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>> you wouldn't have given iran anything? you wouldn't have given iran anything even if it meant that iran -- >> we would have gotten them home. >> without giving them anything? >> well, we would have given them sanctions, crippling sanctions. in fact there never would have been a discussion on these deals until they were released. iran needs more from us than we need from them. we need to remind ourselves of that and at the end of the day, these are people that view these sorts of things as weakness. that's why this week they captured our sailors, tried to humiliate them on video, putting their hands behind their back and putting them on their knees and videotaping them apologizing. that doesn't happen when i'm president because they will know we have a strong president, unlike the weak one that we have now. >> senator marco rubio traveling in iowa, stay safe on the trail. thanks for coming on, sir. >> thank you. joining me now is the former governor of florida, jeb bush from the snowy state of new hampshire this weekend. governor, welcome back to "meet the press." >> thanks, chuck. >> hey, i want to start with something you said to kathleen parker two days before thursday's debate.
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you said to her -- referring to donald trump -- "i'm going after him, the problem is there's too much low hanging fruit." then you tick off that you'll highlight trump's multiple bankruptcies, company's massive layoffs, people, quote, getting stiffed" including a widow by the name of vera coking whose house trump attempted to replace with a parking lot referring to eminent domain issue. it was detailed. governor, i don't remember that happening on thursday night. what happened? >> we talked about the 45% tariff he has been advocating that would create a global depression and lay people off and create hardship. retaliated by chinese, the chinese and making sure we couldn't sell our boeing planes that are being made a mile away from where the debate took place. i had my chance and i was the only person that goes after trump on these issues. he's not a conservative and should the opportunity come up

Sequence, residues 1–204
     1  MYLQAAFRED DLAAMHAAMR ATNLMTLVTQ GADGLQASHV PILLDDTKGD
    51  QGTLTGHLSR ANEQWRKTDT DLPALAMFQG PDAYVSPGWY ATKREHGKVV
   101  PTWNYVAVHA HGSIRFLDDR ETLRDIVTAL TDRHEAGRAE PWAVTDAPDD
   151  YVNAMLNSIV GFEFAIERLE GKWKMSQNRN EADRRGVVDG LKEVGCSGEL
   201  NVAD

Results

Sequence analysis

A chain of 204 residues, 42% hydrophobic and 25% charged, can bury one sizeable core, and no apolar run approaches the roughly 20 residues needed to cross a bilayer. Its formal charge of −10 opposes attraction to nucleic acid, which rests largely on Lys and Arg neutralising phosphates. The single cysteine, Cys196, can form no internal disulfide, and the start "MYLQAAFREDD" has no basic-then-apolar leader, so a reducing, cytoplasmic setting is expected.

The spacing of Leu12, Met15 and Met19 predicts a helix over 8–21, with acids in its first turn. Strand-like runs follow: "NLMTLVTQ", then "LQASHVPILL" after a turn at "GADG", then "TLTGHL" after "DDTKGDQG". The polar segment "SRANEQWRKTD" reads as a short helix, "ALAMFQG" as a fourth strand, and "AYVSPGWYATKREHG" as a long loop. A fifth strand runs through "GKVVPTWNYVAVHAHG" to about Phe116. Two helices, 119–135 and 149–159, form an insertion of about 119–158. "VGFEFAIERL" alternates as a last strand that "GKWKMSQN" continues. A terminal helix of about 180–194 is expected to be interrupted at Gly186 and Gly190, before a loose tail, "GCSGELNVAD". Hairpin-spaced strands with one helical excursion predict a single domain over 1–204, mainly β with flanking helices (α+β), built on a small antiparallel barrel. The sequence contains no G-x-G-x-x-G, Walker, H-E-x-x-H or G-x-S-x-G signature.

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in the next debate to talk about bankruptcies, i'll do it. four times he went bankrupt and he claims he was just using the law but a lot of people got wiped out because of that. and the imminent domain issue is really a symbol of conservatism. conservatives believe we should use it for public use, not private purpose. >> there's been an outside group called for growth that has been hammering donald trump on this on the air waves in both iowa and new hampshire. none of this stuff sticks. how does this guy have teflon? you've gone after him hard. i could argue you've probably gone after him more than any other candidate on that stage. you're on the air with a tv ad hitting him. but he's got a teflon about him. what do you make about it? >> well, there's a lot of anxiety, people are so angry with washington and so frustrated about their own lives. i saw a survey that 63% of people can't afford a car repair of 500 bucks and more than half of americans have less than a thousand dollars in savings. and the big guy comes in and offers the moon and the stars and people are latched on but the reality is he's not offering anything to lift people up and i think the cumulative effect of pointing that out -- respectfully, look, the guy is entertaining for sure but his